Friday, January 11, 2013

First Freedom Video

Back on 18 December 2012, PBS aired a video First Freedom: The Fight for Religious Liberty.  The video tells of the history behind the First Amendment, going back to the early pilgrims and tracing the development of religious freedom amidst religious persecution in the colonies.  You can watch it here.

The video shows how the religious freedom that emerged in colonial America is strikingly different from the European experience.  It also shows how certain aspects of colonial America, such as religious pluralism across the colonies, created conditions under which laws protecting religious freedom could emerge.

The video does less well in examining certain subtleties.  For example, religion, just like speech and other protected rights, are still regulated to some degree.  Do religious persons have the right to avoid taxes, avoid military service, educate their children outside of the public education sector, wear any kind of clothing, or sacrifice animals as part of their religious practice?  These kinds of behaviors can be challenged.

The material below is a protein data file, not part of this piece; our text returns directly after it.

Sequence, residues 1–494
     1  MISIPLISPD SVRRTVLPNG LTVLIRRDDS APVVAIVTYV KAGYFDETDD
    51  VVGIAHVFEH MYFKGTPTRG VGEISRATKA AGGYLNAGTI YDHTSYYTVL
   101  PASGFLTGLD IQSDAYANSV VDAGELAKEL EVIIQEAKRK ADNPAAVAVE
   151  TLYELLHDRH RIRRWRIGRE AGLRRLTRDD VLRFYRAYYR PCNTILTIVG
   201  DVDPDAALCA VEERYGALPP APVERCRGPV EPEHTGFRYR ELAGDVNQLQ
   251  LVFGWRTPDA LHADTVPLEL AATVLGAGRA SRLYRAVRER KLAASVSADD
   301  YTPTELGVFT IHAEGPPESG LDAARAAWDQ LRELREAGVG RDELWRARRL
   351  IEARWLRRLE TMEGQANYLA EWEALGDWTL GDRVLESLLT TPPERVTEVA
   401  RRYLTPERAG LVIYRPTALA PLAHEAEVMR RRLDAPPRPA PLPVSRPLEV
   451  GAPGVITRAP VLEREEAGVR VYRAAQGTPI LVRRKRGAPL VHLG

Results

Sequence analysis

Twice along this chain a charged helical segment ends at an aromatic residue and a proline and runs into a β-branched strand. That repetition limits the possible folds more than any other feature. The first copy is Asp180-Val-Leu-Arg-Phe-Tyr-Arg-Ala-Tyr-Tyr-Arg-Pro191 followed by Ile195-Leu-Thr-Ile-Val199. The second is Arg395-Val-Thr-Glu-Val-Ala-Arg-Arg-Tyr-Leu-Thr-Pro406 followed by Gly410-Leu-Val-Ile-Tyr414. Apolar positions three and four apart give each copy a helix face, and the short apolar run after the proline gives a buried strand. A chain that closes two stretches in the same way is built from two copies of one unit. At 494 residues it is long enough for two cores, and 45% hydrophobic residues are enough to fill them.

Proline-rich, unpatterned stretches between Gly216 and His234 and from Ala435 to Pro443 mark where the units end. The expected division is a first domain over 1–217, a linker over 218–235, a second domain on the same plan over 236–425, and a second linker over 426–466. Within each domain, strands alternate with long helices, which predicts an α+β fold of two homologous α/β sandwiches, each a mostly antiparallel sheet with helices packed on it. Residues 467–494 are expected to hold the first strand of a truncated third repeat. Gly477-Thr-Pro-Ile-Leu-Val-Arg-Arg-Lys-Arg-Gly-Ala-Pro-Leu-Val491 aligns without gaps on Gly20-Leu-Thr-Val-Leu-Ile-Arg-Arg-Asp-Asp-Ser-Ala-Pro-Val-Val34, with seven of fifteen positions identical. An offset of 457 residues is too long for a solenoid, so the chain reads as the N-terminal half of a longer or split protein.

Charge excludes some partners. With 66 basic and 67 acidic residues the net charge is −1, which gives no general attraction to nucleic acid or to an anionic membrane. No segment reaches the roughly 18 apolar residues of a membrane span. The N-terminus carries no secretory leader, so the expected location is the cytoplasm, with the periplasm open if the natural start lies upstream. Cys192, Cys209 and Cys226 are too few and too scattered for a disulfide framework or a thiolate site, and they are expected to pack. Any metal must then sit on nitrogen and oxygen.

So use the video for historical background on the First Amendment but not for a more general examination of religious freedom.

Thursday, January 10, 2013

Religious None Growing More Slowly?

A new Gallup poll suggests that growth of Americans claiming no religious affiliation is slowing.  Remember that this category includes anybody who does not claim a religious affiliation, many of whom are religious but just not affiliated.

Predicting the future growth of this category is tricky.  Many of the people are younger and religious but just not affiliated.  You might expect religious entrepreneurs to engage these people, thus potentially slowing or even reversing the growth.  However, the very notion of affiliation may be shifting.  Individuals may be happy practicing religion or going to church while not creating formal affiliations.  These growth in the religious nones is one of the biggest changes in American religion, but there is still much to be learned.